More agreements needed to open markets and strengthen trade relationships

By Rep. Dan Newhouse

Recently, I sat down with President Trump and members of Congress at the White House to discuss the impact of trade on agriculture in Central Washington. China’s and other nations’ retaliatory tariffs on U.S. products are having a major impact on growers and producers in our state. In our meeting, I brought up the challenges of Central Washington cherry-growers as one example of export-reliant agriculture that have been paying the price for rising tension. China is the No. 1 customer for Washington state’s cherries and our producers are being hit hard, showing the need for a timely resolution.

Just before our meeting, the president made an announcement that illustrates a path forward for much-needed progress on trade. I was in the Rose Garden as President Trump and the European Commission president announced an agreement to avoid a trade war. The EU is the United States’ biggest trading partner, and together we represent 50 percent of world’s Gross Domestic Product and a $1 trillion bilateral trade relationship, so lowering tensions is in the best interests of both parties.

During the joint announcement President Trump said, “We want to further strengthen this trade relationship to the benefit of all American and European citizens. This is why we agreed today, first of all, to work together toward zero tariffs, zero non-tariff barriers, and zero subsidies on non-auto industrial goods.”

The president went on to focus on work to open markets for farmers and ensure trade between the EU and U.S. is made “fairer and more reciprocal.” This president is working to level the playing field as no one has done before to address unfair trading practices.

The agreement to reexamine plans for additional tariffs and put existing tariffs on hold while trade talks continue with the EU will go a long way to rebuilding confidence with global trading partners, and the sooner the better. Farmers I have spoken with in Central Washington are willing to give the president room to strengthen the U.S. hand on trade, but they are anxious for a resolution as soon as possible. Many farmers are supportive of ensuring our trading partners play by the rules. It has been difficult, and it will take time, but President Trump’s goal is to strengthen America’s hand on trade to make it free and fair in order to increase exports.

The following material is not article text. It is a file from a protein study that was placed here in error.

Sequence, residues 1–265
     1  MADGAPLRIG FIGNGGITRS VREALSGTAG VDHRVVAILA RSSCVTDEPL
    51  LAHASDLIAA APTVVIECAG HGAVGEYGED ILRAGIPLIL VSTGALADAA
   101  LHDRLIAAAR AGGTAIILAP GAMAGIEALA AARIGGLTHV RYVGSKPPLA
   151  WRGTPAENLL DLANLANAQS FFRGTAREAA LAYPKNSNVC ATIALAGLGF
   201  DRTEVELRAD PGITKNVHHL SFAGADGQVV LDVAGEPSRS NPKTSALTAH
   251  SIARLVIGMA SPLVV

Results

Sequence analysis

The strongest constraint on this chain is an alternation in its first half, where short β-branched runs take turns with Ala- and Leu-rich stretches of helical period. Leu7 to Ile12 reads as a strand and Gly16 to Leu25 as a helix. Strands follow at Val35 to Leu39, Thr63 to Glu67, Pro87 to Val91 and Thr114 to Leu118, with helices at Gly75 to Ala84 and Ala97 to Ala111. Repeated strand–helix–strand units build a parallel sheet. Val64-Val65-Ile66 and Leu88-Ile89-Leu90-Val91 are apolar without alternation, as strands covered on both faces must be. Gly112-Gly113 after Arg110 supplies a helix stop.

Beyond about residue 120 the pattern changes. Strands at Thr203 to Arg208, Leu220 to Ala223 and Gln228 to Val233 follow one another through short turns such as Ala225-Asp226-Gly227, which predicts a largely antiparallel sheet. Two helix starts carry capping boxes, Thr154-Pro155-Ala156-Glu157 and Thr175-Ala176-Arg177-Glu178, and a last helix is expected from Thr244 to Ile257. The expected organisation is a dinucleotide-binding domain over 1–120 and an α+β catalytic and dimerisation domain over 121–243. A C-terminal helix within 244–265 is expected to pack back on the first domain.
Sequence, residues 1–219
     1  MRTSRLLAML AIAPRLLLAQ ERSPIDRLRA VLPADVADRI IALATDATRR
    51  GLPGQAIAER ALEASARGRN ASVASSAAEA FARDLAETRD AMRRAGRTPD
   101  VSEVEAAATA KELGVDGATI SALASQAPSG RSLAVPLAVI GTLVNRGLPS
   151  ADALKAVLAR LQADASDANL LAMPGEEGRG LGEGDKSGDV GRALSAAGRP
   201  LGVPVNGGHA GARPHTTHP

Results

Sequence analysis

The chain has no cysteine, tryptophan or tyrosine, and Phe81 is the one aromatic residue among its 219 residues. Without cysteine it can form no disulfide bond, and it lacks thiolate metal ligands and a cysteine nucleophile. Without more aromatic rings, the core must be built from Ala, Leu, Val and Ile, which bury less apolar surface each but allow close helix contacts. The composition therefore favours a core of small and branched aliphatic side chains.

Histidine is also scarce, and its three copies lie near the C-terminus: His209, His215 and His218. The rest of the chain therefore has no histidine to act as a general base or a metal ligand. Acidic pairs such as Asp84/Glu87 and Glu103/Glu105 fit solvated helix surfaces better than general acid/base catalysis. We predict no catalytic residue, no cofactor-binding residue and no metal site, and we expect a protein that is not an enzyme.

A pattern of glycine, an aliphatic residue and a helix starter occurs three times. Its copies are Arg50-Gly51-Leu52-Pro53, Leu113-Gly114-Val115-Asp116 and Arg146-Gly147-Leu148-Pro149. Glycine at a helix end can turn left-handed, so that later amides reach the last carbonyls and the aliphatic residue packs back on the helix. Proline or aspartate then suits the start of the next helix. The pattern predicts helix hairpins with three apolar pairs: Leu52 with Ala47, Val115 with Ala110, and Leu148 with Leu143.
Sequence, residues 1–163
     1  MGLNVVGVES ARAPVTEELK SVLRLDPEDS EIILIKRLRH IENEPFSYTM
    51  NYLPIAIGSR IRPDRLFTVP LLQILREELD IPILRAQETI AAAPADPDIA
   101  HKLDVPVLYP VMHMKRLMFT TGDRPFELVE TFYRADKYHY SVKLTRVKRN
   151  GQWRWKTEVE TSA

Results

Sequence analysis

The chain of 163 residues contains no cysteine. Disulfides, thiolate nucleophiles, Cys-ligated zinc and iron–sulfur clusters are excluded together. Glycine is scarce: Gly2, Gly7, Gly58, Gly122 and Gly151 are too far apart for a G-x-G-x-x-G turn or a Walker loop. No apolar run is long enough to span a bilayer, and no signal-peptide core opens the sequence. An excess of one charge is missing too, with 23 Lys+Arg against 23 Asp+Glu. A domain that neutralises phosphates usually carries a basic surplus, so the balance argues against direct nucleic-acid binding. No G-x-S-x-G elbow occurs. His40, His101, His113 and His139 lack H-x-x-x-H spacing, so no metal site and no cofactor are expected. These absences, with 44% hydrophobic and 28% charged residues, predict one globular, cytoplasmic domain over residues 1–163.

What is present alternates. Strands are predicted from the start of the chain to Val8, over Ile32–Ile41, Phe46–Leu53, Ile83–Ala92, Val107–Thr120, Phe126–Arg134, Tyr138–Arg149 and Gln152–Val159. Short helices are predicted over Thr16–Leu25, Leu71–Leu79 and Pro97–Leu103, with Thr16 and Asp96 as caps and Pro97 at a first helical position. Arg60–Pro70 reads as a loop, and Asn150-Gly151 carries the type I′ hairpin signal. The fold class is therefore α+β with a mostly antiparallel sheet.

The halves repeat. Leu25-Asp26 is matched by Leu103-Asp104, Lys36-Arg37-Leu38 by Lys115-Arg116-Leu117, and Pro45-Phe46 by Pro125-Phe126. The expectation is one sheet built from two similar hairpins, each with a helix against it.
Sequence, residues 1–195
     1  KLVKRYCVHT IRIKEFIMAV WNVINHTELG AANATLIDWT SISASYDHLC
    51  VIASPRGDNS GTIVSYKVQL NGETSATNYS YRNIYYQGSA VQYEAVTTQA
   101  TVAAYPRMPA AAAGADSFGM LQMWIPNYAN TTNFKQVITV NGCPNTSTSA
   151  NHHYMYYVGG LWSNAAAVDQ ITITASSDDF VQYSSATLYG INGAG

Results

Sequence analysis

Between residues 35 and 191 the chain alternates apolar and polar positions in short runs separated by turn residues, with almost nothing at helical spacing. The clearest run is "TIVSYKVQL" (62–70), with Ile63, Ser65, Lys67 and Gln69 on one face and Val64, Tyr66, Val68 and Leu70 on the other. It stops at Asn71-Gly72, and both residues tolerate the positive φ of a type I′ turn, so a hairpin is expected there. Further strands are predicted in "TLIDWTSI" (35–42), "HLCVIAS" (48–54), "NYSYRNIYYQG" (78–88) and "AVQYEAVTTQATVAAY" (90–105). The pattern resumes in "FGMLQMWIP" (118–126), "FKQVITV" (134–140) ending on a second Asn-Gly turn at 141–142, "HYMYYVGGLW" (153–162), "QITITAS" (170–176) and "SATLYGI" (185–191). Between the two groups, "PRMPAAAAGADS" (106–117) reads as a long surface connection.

The Trump administration also announced $12 billion to mitigate the impact of retaliatory tariffs on agriculture producers, showing that the Trump administration is working as promised on ways to support farmers. The administration is evaluating how those funds are to be allocated. While appreciated, no amount of short-term support can be as beneficial as having markets reopened quickly and a level playing field to export American products. The long-term success for the American agriculture sector hinges on strong trading relationships, open access to worldwide markets, and reciprocal trade.

America can be strong on trade by defending our interests while maintaining our export markets. The EU announcement shows that the president is getting results. I stand ready to work with the president to strengthen relationships with our other trading partners as expeditiously as possible.


Dan Newhouse is a representative in the 4th Congressional District of Washington.